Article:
By Eric Barker, The Lewiston Tribune
Biden administration officials bound by court-ordered confidentiality declined to participate in a congressional oversight hearing Tuesday focused on a leaked draft settlement of the long-running salmon and dams litigation in the Columbia River basin.
Instead, the hearing in Washington, D.C., by the Republican-controlled House Subcommittee on Water, Wildlife, and Fisheries featured the leaders of stakeholder groups, namely representatives of public power and agriculture interests, and one person representing conservation groups.
It highlighted arguments both for and against breaching the four lower Snake River dams as a way to recover threatened and endangered Snake River salmon and steelhead that are well familiar to those who follow the issue.
Although not members of the subcommittee, Republicans Russ Fulcher of Idaho and Cathy McMorris Rodgers and Dan Newhouse, both of Washington, were invited to participate. The three Republicans, along with subcommittee Chairman Cliff Bentz of Oregon, published a leaked draft of the proposed settlement late last month.
“This is in my view another attempt by the current administration to promote an unreasonable and irrational agenda for their energy policy,” Fulcher said. “The problem with this one is it would gut the Pacific Northwestern economy as we know it.”
According to the document that may not be up to date and could be finalized and made public Friday, the Biden administration is proposing to help the Nez Perce and other Columbia River tribes develop 1,000 to 3,000 megawatts of renewable energy resources. If Congress were ever to authorize breaching of the dams, the tribal resources would be counted as replacement for power generated at the dams.
The tribes have treaty reserved fishing rights on the Columbia and Snake rivers and have suffered from a dramatic decline in salmon runs following construction of federal dams on the two rivers. Along with conservation groups and Oregon, they claim the federal government’s 2020 plan to operate the dams in a way that doesn’t further harm wild salmon and steelhead violates the Endangered Species Act.
In October 2021, the two sides agreed to pause the case and discuss a potential settlement. The leaked draft is a product of those talks. In addition to helping tribes develop renewable power sources, the administration, according to the leaked draft, will carry out studies on how to replace barging and irrigation if the dams come out, and it pledges financial support for other salmon restoration efforts throughout the Columbia basin and would reform some of the ways the rivers are managed by giving Nez Perce, Yakama, Umatilla and Warm Springs tribes plus Oregon and Washington more influence over the river system than they now have.
Republicans and witnesses Scott Simms, executive director of the Public Power Council, Neil Maunu, executive director of the Pacific Northwest Waterways Association, and Humaira Falkenberg, power resource manager of Pacific Public Utilities District, focused on the economic impact of the losing the hydropower, transportation and irrigation benefits of the dams if breaching is eventually approved.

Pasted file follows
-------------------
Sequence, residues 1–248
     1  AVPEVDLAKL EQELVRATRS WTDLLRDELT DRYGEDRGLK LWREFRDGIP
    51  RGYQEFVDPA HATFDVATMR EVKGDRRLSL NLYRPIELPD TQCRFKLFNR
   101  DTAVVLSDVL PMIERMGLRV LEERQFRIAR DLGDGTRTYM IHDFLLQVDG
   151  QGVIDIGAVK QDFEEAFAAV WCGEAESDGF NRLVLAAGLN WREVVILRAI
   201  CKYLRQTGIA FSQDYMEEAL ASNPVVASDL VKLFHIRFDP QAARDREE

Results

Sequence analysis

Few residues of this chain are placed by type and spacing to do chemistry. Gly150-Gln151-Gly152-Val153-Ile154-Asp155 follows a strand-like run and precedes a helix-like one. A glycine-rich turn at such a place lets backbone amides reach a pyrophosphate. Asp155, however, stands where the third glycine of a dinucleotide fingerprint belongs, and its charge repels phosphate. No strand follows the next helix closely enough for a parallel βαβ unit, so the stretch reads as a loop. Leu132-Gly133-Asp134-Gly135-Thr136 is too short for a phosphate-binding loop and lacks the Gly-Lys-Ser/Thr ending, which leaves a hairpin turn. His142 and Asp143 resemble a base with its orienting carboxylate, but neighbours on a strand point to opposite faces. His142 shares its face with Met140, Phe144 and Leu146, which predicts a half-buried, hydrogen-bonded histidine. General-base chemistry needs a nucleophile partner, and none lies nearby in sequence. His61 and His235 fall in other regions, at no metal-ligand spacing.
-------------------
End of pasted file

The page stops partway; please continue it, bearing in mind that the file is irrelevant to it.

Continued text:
They also complained that the document was negotiated in secret — a common feature in lawsuit settlement proceedings.
Maunu called the mediated negotiations a failed process. Defendant intervenors have complained the draft settlement was negotiated between the plaintiffs and federal government and only shared with ancillary parties to the case after it was finished.
“We are tired of not being represented in this mediation process. We are tired of not being able to take part in meaningful negotiations. But we refuse to be sidelined,” he said.
Simms said the leaked agreement threatens the viability of the entire Pacific Northwest hydropower system.
“We are now facing a U.S. government agreement that could be devastating for Northwest electricity consumers,” he said. “We anticipate under the best-case scenario the impact to rates would be 5%. And in the worst case, it would be 50%.”
Lindsay Slater, vice president of government relations for Trout Unlimited, spoke in favor of efforts to recover the fish via dam breaching and at the same time modernizing the power generation system of the Pacific Northwest. Slater is the former chief of staff of Rep. Mike Simpson of Idaho, who has proposed a $33 billion plan to breach the dams, replace their services and mitigate economic harm to affected communities and industries. He said the federal government has an obligation to the tribes to ensure the fish are recovered.
“For almost 100 years, the Federal Energy System has thrived at the expense of the Northwest tribes, whose villages and fishing grounds were submerged and salmon decimated,” Slater said. “It is unacceptable for any administration to continue prioritizing the competitive position of BPA at the expense of tribal interests in salmon.”
Newhouse told the committee, “If these dams are breached, those most negatively impacted will include electricity customers, transportation stakeholders, river-dependent ports and communities, farmers, and recreationists.”
Watch the full hearing here. https://www.youtube.com/watch?v=hK7xGZ94O5o
Barker may be contacted at [email protected]
or at (208) 848-2273. Follow him on Twitter @ezebarker
–CBB, Nov. 30, 2023, LEAKED COURT MEDIATION DOCUMENT LISTING ‘ACTIONS AND COMMITMENTS’ FOR BASIN SALMON RECOVERY DRAWS OBJECTIONS, QUESTIONS https://cbbulletin.com/leaked-court-mediation-document-listing-actions-and-commitments-for-basin-salmon-recovery-draws-objections-questions/